Jared Kushner describes Steve Bannon as ‘a suicide bomber’ who ‘blew up’ the White House

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Jared Kushner has described Steve Bannon as “a suicide bomber” who “blew” during his time in the White House, as the former president’s son-in-law continues to do the rounds to spark interest in his new memoir.

Former White House senior adviser and husband of Ivanka Trump targeted Bannon in an interview The Hugh Hewitt Show on Friday, calling him “divisive” and accusing him of “knife fights” with other members of the Trump administration.

While the former White House strategist was a “great partner” to Donald Trump during his 2016 presidential campaign, Mr. Kushner said “the power went to his head” as they entered the White House.

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“I think maybe the power went to him a little bit, or he was just more of what he was,” he said of Bannon.

“It became very divisive. He undermined us, knife fights with colleagues, and it just didn’t help us carry out the agenda.”

“That was really unfortunate, but one thing I write about in the book is – I go through a lot of the different interpersonal dynamics – is that I didn’t beat Steve in the end.”

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He added: “Steve really beat himself, you know. His head got so big that he just did all these crazy things, and eventually, you know, like a suicide bomber, it exploded.”

His comments mark just the latest battle of words between the two men known to have had a fraught relationship since almost the very beginning of Mr. Trump’s presidency.

In Mr. Kushner’s new book Breaking History: A White House Memoirhe refers to his former colleague as a “cancer” and claims he threatened to “break up” [him] in half” during a particularly heated spit.

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Mr. Kushner writes that that particular outburst came when he confronted Bannon about apparently leaking information about Gary Cohn, chairman of Mr. Trump’s Council of Economic Advisers.

“Steve, you need to stop leaking about Gary. We’re trying to build a team here,” he tells Bannon.

According to Mr. Kushner, Bannon fired back by saying that Mr. Cohn was “the one who leaked on me” and warned him to “don’t fuck with me”.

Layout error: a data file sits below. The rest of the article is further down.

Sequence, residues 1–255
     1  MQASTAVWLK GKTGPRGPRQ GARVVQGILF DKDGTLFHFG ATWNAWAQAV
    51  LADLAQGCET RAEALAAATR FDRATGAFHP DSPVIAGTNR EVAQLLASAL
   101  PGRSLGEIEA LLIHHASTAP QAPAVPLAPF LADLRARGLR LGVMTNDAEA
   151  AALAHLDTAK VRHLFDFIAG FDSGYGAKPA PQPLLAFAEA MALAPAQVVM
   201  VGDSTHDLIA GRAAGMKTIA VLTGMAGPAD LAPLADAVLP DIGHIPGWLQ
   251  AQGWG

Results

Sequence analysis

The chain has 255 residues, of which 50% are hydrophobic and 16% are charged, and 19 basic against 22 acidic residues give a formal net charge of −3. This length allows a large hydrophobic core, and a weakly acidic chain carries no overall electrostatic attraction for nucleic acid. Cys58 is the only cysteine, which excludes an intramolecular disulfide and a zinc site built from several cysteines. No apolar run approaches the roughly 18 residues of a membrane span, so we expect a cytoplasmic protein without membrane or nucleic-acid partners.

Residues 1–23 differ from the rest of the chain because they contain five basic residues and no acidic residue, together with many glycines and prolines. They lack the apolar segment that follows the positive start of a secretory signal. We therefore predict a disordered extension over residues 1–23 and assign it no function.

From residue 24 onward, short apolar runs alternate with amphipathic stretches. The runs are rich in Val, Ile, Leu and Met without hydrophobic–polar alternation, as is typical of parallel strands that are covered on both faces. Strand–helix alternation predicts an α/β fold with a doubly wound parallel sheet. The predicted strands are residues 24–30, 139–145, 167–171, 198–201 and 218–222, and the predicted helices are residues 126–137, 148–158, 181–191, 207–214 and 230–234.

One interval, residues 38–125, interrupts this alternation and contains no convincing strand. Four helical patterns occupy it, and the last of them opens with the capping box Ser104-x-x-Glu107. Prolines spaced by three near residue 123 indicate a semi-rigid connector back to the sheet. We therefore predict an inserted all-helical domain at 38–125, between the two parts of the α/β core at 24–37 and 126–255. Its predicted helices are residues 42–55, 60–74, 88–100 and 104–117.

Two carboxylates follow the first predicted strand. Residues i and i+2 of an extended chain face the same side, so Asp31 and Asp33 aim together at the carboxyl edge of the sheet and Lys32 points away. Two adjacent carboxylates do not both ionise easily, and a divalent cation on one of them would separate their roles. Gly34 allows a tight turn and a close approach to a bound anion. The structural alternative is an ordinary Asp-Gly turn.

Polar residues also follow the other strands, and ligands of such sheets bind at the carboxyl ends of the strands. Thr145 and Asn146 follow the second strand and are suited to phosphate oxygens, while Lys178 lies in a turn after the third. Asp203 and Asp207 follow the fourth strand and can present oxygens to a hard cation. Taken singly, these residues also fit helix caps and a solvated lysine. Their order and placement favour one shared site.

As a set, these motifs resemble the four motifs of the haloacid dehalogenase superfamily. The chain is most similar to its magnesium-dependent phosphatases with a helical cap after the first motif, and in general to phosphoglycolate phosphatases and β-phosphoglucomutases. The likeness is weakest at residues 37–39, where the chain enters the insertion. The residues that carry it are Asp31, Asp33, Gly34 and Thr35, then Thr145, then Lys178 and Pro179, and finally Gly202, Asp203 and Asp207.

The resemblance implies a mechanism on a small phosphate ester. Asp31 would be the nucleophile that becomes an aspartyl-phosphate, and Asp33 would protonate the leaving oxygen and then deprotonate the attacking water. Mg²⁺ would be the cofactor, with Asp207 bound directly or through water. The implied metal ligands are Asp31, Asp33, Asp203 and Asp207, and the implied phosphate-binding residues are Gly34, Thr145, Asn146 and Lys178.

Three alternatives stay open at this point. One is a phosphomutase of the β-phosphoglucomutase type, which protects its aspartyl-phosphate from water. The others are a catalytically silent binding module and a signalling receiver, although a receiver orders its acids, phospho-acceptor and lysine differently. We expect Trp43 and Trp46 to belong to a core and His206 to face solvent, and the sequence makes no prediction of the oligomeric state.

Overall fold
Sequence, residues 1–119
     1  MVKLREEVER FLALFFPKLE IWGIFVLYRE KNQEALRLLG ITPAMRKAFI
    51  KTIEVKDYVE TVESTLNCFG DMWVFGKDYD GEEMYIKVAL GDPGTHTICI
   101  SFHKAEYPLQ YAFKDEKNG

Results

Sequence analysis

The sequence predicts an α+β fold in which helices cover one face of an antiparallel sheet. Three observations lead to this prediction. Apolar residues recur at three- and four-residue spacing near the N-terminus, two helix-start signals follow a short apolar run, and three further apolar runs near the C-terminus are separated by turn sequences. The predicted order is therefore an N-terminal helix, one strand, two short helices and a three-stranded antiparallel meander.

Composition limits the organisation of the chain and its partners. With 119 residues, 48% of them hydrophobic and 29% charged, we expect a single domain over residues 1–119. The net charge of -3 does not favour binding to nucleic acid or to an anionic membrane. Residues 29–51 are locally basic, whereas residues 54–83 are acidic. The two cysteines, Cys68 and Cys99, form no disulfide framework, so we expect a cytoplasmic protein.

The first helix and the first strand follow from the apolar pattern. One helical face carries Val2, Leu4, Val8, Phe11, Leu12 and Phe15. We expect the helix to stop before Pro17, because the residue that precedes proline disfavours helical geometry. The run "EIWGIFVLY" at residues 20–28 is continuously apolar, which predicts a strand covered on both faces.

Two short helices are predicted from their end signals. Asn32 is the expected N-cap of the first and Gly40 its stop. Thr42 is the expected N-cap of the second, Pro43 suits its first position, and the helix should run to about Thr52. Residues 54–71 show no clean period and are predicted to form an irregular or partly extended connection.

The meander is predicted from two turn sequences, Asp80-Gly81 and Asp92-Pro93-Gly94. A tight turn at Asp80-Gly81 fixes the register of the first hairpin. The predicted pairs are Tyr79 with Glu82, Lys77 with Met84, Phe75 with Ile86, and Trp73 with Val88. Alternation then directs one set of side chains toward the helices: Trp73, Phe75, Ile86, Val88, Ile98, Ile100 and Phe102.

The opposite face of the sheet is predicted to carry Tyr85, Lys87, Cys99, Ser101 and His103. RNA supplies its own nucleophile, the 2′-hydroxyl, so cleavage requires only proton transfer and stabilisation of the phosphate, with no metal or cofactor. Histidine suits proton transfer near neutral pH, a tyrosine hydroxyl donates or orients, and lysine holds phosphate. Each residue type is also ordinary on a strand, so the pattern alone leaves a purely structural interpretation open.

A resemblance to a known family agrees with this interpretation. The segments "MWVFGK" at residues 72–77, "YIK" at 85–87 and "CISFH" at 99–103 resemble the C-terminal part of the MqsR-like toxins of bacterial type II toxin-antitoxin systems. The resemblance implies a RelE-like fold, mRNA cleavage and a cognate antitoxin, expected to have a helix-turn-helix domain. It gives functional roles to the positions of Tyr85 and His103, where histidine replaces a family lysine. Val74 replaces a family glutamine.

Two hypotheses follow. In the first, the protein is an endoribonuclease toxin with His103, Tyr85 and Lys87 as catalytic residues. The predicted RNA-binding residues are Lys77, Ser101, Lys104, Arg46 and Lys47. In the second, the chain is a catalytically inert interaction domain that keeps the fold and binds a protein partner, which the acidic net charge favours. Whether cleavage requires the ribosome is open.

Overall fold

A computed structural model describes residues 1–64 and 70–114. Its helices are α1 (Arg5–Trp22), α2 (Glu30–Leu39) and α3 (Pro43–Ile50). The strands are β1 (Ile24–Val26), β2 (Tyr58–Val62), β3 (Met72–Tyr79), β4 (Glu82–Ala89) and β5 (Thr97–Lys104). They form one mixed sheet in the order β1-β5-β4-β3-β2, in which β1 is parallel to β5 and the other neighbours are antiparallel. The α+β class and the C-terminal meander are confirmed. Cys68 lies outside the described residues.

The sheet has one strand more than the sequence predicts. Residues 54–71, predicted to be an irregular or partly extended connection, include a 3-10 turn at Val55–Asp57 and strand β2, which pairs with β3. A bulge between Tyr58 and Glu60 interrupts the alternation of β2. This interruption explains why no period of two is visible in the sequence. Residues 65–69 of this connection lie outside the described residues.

Steve Bannon and Jared Kushner at the White House in 2017

(Getty images)

“Jared, right now you’re the one who’s undermining the president’s agenda…and if you go against me, I’ll break you in half. Don’t meddle with me,” he would have said.

Despite no love being lost between the two men, Kushner claims in his memoir that he did not oppose his father-in-law’s decision to grant Bannon a presidential pardon.

Bannon, the former boss of right-wing website Breitbart News and a longtime Trump ally, joined Trump on his campaign trail and became a White House strategist when he took office.

But several months later, in August 2017, he was fired from his position amid reports of an escalating feud with Mr. Kushner and other senior advisers.

Bannon was subsequently charged with a massive fraud scheme involving raising funds to build Trump’s border wall between the US and Mexico.

The former president pardoned him in his last days in office.

Bannon now faces new legal issues over his support of the former president.

In July, he was convicted of contempt of Congress after refusing to comply with a subpoena to testify before the House committee investigating the January 6 attack on the United States Capitol.

He faces a minimum of 30 days in prison and a fine of between $100 and $100,000 upon conviction in October.

Meanwhile, Mr. Kushner has been plugging in his new memoirs in recent weeks, which have been brutally labeled “serious and soulless.” New York Times review.

The former Trump adviser has also denied any suggestion that he could be the “mole” who tipped off federal agents about the treasure trove of top-secret documents found by federal agents in Mar-a-Lago.

The FBI executed a search warrant on the former president’s Palm Beach home as part of an investigation into whether Mr Trump violated the Espionage Act.

A total of 27 boxes were seized, including 11 containing classified information. Some of the information was of the highest possible top-secret classification, meaning it should never have left government custody.

On Friday, the DoJ released the heavily redacted affidavit, saying there was “probable reason to believe that additional documents containing classified [national defense information] or which are presidential records subject to record retention requirements currently on the premises.”

“There is also probable reason to believe that evidence of obstruction will be found in the property,” the affidavit said.

It is unclear from the editors who the government sources are.

Several people, including Mr Trump’s niece Mary Trump, have speculated that the tip could have come from Mr Kushner. He denies the charge.

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